See Boomi and DevCool together in action in our HIMSS 2019 Interoperability Showcase use case presentation.

Dell Boomi, DevCool and HiPaaS

With its low-code development environment, ready-to-use connectors and community-powered intelligence for configuring integrations and transformations, the Boomi platform gives payers and providers the ability to build integrations quickly and efficiently.

And to help healthcare organizations achieve even faster time-to-value, Boomi partner DevCool has extended the Boomi platform with ready-to-use process libraries designed specifically for the healthcare market. DevCool calls its Boomi-powered healthcare offering HiPaaS.

DevCool HiPaaS is a HIPAA-compliant microservices-based healthcare platform that supports data integration, resolves interoperability issues, simplifies working with healthcare standards and reconciles data. Because it’s built on Boomi, the platform seamlessly supports all integration patterns: real-time, event-based, batch, ETL, asynchronous processes and more.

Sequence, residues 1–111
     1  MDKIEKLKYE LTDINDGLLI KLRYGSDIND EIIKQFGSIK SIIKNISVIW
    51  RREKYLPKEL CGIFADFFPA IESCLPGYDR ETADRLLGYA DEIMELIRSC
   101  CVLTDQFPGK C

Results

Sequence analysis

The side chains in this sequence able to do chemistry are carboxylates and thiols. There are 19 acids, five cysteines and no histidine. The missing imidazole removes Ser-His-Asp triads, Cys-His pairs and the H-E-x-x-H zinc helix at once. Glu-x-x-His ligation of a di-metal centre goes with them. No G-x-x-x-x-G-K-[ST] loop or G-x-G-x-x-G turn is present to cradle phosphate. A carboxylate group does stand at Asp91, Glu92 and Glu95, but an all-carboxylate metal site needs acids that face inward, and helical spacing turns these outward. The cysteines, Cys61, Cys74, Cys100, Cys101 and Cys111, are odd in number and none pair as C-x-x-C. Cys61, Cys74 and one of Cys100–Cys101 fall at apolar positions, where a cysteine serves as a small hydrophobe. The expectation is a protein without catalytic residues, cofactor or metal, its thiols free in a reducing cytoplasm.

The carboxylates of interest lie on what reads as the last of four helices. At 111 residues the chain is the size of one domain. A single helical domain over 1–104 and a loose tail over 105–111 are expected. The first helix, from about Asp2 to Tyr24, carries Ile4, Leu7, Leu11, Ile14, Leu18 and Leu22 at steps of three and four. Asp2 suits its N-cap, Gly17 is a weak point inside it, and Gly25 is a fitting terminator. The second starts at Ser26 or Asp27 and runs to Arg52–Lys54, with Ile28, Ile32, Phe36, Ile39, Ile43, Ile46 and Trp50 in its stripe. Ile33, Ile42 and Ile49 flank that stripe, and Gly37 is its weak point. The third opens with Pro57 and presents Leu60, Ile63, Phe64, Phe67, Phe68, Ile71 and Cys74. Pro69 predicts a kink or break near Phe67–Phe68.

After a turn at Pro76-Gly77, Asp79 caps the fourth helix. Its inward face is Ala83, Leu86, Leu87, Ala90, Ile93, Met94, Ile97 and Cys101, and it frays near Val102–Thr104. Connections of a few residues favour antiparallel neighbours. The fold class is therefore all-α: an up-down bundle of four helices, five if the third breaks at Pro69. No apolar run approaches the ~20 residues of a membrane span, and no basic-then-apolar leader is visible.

Using HiPaaS, payers and providers can quickly and efficiently connect to whatever data they need, wherever it resides. Organizations can rapidly build EDI and HL7 Integrations using APIs. And the same platform that can be used for traditional X12 transactions also supports new integration technologies, such as microservices.

DevCool offers HiPaaS as a Boomi accelerator, complete with ready-to-use process libraries and professional services consulting that gets organizations up and running with data integration projects far more quickly.

The HiPaaS accelerator draws on DevCool’s expertise in healthcare IT and its experience with consulting for leading healthcare organizations around the world.

HiPaaS helps healthcare IT teams meet their integration goals quickly and efficiently so that IT becomes a business enabler rather than an operational expense.

HIMSS Conference attendees interested in learning more about the Boomi platform should visit us at Booth #3159 or visit the use case demonstration in the HIMSS Interoperability Showcase located at #9100-48.

About the Author

John Reeves is Dell Boomi’s healthcare solutions evangelist.